ASX200 rises on iron ore and oil price rebound, banking rally

Duncan EvansNewsWire
Not Supplied
Camera IconNot Supplied Credit: News Corp Australia

The Australian sharemarket notched a powerful rebound rally on Tuesday, propelled by a pop in iron ore and oil prices and a surge in financials led by behemoth Commonwealth Bank.

The benchmark ASX200 leapt 105.1 points, or 1.36 per cent, to close at 7838.8, while the broader All Ordinaries index surged 101.8 points, or 1.28 per cent, to hit 8076.9.

Tech stocks lifted 0.6 per cent to finish at 3107.7.

Tuesday’s surge clawed back losses from Monday’s slump and pushes the market to within 72 points of its record high of 7910.

The Aussie dollar gained 0.1 per cent against the Greenback to buy US66.6c at the close.

The rally was broad, with all 11 industry sectors ending in the green, led by energy, with a 2.23 per cent upswing and materials with a 1.83 per cent rise.

“The oil price touched a high of $81.90 on Tuesday, its highest level in eight weeks,” IG markets analyst Tony Sycamore said.

“The gains in oil have been supported by concerns over supply following recent Ukraine drone attacks on Russian oil infrastructure and hopes of improving demand as the US driving season gathers momentum.”

Sector heavyweight Woodside Energy advanced 3.67 per cent to $27.96 a share, Santos lifted 1.73 per cent to $7.63 and Beach Energy climbed 1.69 per cent to $1.50.

The ASX recorded a powerful rebound rally on Tuesday, lifting 1.36 per cent. NCA NewsWire / Christian Gilles
Camera IconThe ASX recorded a powerful rebound rally on Tuesday, lifting 1.36 per cent. NCA NewsWire / Christian Gilles Credit: News Corp Australia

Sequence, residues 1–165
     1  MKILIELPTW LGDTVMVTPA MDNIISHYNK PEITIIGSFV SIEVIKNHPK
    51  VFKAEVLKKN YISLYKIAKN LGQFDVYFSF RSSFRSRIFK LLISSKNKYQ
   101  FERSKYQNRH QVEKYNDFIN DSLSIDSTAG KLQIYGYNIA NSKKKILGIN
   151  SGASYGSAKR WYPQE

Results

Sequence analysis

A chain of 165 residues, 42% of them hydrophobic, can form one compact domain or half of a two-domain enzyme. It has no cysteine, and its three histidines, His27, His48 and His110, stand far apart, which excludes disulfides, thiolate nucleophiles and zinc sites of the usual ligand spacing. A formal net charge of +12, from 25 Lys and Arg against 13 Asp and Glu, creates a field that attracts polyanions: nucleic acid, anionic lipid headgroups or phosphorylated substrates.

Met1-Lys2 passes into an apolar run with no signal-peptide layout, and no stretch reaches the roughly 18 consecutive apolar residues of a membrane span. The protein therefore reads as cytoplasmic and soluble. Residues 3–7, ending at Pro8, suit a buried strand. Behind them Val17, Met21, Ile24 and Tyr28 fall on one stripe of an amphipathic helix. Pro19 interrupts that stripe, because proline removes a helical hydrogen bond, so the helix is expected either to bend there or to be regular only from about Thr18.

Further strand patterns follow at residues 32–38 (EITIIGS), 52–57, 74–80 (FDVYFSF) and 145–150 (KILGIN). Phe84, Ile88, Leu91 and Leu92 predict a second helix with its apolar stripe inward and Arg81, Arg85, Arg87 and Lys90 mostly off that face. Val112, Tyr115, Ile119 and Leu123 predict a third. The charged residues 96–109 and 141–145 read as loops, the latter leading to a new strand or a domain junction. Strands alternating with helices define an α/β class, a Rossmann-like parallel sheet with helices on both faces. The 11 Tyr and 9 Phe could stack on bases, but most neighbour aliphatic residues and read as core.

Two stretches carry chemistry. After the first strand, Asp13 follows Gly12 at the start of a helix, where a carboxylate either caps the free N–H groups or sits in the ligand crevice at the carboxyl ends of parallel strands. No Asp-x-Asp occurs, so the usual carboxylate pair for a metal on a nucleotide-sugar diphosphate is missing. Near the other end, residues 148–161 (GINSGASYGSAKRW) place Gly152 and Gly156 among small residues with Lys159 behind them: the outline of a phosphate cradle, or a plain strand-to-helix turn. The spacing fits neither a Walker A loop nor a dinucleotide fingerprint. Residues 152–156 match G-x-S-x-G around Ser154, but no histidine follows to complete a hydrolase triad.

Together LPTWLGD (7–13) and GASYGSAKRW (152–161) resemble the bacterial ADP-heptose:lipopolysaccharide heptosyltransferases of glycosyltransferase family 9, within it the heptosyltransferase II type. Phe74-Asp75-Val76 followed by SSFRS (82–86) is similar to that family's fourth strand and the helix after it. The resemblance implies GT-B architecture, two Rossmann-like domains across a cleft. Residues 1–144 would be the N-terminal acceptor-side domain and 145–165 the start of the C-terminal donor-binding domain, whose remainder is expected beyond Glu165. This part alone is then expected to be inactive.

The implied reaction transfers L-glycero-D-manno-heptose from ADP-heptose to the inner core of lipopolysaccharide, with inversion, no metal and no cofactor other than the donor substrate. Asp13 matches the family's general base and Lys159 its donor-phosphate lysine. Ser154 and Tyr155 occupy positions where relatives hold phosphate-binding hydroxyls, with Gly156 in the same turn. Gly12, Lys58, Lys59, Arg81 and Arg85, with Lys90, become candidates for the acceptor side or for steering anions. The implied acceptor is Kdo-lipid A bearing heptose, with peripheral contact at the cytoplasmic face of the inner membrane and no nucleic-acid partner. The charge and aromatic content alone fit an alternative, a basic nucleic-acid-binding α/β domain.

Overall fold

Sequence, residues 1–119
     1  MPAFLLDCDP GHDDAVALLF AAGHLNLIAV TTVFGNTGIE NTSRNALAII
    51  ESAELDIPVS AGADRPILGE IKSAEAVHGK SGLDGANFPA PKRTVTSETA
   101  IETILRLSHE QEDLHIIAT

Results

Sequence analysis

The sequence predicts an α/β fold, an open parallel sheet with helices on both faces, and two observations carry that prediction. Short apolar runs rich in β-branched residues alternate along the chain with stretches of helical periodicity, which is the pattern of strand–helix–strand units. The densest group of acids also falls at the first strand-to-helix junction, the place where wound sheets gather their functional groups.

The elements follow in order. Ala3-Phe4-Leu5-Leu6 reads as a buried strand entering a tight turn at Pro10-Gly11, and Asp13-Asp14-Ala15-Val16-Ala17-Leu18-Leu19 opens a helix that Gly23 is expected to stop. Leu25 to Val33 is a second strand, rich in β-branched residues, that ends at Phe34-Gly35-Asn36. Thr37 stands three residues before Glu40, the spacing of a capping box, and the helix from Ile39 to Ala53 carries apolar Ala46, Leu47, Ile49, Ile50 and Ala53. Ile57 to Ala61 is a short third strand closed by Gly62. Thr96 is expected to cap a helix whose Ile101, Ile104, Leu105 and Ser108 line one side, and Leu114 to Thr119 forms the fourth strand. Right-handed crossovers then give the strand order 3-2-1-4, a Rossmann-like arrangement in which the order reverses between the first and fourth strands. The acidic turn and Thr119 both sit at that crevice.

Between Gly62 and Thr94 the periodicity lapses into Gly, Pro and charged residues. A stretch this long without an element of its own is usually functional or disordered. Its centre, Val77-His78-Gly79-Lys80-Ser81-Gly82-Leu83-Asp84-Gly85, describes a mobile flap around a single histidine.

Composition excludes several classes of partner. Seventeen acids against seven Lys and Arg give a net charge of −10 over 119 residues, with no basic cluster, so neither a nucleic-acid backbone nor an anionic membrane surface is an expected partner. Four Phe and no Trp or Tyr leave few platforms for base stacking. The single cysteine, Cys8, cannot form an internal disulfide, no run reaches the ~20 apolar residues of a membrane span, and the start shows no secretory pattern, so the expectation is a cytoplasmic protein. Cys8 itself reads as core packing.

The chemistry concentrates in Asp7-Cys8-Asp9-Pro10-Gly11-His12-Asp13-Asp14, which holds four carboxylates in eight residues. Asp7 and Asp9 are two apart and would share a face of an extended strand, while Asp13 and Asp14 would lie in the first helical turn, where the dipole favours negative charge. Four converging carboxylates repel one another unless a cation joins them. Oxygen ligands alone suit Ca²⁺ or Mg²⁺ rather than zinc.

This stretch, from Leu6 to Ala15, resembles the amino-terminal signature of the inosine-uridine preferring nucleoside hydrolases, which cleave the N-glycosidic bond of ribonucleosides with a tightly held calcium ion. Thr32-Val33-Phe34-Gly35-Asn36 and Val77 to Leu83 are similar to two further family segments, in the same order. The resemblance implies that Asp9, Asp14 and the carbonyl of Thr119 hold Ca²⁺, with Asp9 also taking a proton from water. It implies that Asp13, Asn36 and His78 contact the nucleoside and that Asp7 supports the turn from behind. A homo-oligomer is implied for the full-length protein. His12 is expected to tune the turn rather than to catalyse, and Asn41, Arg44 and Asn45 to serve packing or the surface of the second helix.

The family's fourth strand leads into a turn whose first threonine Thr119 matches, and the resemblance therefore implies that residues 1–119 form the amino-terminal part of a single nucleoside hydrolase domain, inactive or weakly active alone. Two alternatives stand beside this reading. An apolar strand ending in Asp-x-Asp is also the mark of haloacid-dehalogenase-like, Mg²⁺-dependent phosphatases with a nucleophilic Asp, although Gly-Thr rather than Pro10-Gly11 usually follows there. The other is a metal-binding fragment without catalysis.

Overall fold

Iron ore prices gained 1.3 per cent in Asia on Tuesday, hitting $103.90 a tonne and propelling a lift in the big miners.

BHP rose 2.1 per cent to $43.32, Rio Tinto rallied 2.07 per cent to $121.45 and Fortescue lifted 1.93 per cent to $21.67.

Financials surged 1.45 per cent, led by Commonwealth Bank with a 1.44 per cent rise to hit a new record high of $128.63.

NAB advanced 2.03 per cent to $36.69, ANZ lifted 0.59 per cent to $28.82 and Westpac rose 1.18 per cent to $27.47.

The rally bucked some potential storm clouds for equities.

Westpac’s June consumer sentiment index rose 1.7 per cent to 83.6 from 82.2 in May, but remains in “deeply pessimistic territory” according to the bank’s senior economist Matthew Hassan.

“Despite the improvement, consumer sentiment remains below its March level and still firmly in deeply pessimistic territory,” he said.

“The survey detail suggests positives from fiscal support measures are being negated by increased concerns about inflation and the outlook for interest rates.”

Camera IconKFC operator Collins Foods leapt higher after reporting FY24 results. NCA NewsWire / Flavio Brancaleone Credit: News Corp Australia

Wednesday’s CPI numbers could also add to inflation fears.

“Further bad news on inflation will likely be heard tomorrow as the Monthly CPI indicator is expected to show that inflation increased to 3.8 per cent in May from 3.6 per cent prior,” Mr Sycamore said.

“The increase will be driven by base effects and this month’s update skewed towards the sticky services component.

“Ahead of its release, the rates market is pricing in about a 12 per cent chance of a 25 basis point RBA rate hike in August to 4.6 per cent.”

In corporate news, uranium miner Paladin Energy tumbled 5.14 per cent to $12.56 following yesterday’s announcement it would acquire Canadian uranium company Fission Uranium.

The takeover brings Fission’s uranium-rich PLS project in northern Saskatchewan into Paladin’s portfolio.

The top gainer on the ASX200 was Collins Foods, which soared 7.29 per cent to $10.

The KFC operator reported a full-year jump in net profit to $76.7m for FY24, up from $12.7m in FY23.

The largest laggard was gold producer Red 5, which slumped 6 per cent per cent to 38.5c.

Originally published as ASX200 rises on iron ore and oil price rebound, banking rally

Get the latest news from thewest.com.au in your inbox.

Sign up for our emails